I’ve been infected and I am not happy about it. My first-ever computer virus hit me unawares, and I have unwittingly contaminated everyone I know and love. This thing—with an incubation period of about a nanosecond—took the form of an email that promised great pictures from a good friend of mine. A woman I know well and trust implicitly. A woman who would never lead you astray, drive with one hand on the wheel, or cheat on her taxes. A woman who would never, ever send you tainted email—knowingly.
Because I exceed the tech-savvy cut-off age of 30 (designated by my own traitorous children as the dividing point between those who “get” technology and those who fully believe there are tiny gnomes carrying out the functions in everyone’s computer), I opened this email.
To my shock and horror, the thing immediately sucked up my entire list of contacts and spontaneously reached out to every one of my friends on my behalf. Promising pictures for them. “Something I wanted to show them.” With the lurid undertone that only well-placed italics can properly convey. I should have known better. Most of my friends are over thirty too—poor things didn’t have a fighting chance. And they trusted me as I had trusted my friend. My name was in the subject line of this thing, and until this point, my name had elicited only happy thoughts—I mean, not rainbows and unicorns or anything, but on the whole, pleasant associations, rather than those imbued with mistrust or suspicion. Crazy how fast that can change. My reputation has been sullied.
Despite my frantic efforts to send everyone a cautionary note with a rather hysterical subject line (FOR THE LOVE OF GOD, DON’T OPEN THAT OTHER EMAIL FROM ME!!!!!), several people did get taken in. I have since received notes from friends and family I hadn’t heard from in a long time, letting me know they were frustrated at missing whatever great thing I had purportedly sent them.
“Email viruses: bringing people together.”
I should send this tag line to Microsoft—they could use it to anchor an upbeat marketing campaign when one of their innumerable security flaws leads to a virus like this one.
Happily, there seems to have been no lasting effect from the virus I have had, although with Boy #1 (our resident programmer) working out of town at the moment, I can’t effect a thorough inspection of the gnomes innards of this machine until sometime near Christmas.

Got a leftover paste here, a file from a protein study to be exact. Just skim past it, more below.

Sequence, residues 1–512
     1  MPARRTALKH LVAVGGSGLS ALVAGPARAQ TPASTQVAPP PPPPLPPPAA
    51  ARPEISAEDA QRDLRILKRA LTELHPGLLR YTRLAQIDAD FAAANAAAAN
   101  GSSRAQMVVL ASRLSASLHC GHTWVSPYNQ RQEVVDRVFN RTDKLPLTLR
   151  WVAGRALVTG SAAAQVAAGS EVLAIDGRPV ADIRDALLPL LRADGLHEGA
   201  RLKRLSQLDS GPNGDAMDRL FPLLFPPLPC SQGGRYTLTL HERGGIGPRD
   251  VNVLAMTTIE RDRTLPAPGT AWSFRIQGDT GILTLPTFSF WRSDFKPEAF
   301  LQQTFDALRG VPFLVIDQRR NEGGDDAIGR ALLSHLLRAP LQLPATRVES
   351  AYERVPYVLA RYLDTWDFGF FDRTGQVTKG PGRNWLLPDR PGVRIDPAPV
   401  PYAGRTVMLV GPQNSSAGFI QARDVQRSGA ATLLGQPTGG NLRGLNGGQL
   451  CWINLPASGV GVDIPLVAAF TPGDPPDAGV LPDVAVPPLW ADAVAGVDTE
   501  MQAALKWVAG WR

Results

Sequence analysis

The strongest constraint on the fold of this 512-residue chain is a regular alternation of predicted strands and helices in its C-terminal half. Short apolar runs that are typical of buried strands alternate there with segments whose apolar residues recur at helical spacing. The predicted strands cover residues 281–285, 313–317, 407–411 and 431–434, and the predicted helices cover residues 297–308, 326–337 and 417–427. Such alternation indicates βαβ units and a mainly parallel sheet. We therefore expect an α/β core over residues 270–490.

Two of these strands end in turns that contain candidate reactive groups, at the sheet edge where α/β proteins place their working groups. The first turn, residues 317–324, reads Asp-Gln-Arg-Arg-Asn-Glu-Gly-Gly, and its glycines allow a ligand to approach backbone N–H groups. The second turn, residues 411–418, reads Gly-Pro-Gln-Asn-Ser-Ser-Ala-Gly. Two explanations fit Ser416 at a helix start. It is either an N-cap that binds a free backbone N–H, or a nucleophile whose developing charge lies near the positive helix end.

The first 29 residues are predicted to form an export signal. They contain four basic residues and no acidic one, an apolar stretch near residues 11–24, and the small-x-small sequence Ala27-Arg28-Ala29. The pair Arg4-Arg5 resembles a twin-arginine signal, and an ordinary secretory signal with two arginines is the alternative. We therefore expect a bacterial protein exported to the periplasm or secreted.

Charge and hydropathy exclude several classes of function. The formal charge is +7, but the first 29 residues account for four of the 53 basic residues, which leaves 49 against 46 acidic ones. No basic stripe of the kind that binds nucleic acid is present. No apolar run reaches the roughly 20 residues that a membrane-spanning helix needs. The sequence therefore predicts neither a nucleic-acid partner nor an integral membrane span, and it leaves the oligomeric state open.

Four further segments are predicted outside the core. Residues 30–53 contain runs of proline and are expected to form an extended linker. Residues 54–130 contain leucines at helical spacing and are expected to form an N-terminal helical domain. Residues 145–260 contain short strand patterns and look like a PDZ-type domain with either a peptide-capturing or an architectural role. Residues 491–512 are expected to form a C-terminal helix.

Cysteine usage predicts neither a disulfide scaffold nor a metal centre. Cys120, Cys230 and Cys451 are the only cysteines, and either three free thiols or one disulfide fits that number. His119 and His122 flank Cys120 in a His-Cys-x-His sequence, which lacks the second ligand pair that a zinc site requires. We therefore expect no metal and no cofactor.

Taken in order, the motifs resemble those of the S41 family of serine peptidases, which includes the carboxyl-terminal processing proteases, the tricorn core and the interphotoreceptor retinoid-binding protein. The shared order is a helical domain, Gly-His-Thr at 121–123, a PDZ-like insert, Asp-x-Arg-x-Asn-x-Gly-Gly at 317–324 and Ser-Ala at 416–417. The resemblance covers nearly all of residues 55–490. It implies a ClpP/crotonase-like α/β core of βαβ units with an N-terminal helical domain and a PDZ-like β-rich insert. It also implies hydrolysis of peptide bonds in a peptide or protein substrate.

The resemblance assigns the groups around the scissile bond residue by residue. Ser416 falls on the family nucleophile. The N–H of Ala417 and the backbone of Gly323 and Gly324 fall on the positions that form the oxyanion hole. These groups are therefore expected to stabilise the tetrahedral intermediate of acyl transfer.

I shouldn’t really say there has been NO lasting effect; in all honesty, I have been scarred. Left with uncharacteristic wariness and a rather unhealthy measure of indignation as a result of this scam. Depressed by the thought that there is likely a significant number of intelligent, but highly antisocial twenty-year-old guys living in their mothers’ basements coming up with bugs like this, just for their own amusement. (Note: If you are the mother of a twenty-year-old son who lives in your basement, do us all a favour, please—go down there and see what he’s up to.)
Several months ago, I asked my programmer son (who—just to clarify— does not live in my basement) if he could tell me how to recognize such email trickery. He was very helpful. He showed me a simple process—I think it was only fourteen or so short steps—by which you could check whether an email was legit or not. It involved cutting and pasting, using Notepad (which I never knew I had), inserting the filename into some diagnostic website’s special search box, and then I think there might have been some magic words you had to chant. Sadly, I neglected to write down this quick and easy procedure, so I will ask him for a review at Christmas time; it can be his gift to me.
Meanwhile, I shall be especially vigilant. I will not open any emails promising a million dollars, a cure for male-pattern baldness, or the enlargement of any particular body part—not even the good ones. And maybe, just to be on the safe side, I’ll bake some cookies for the gnomes.
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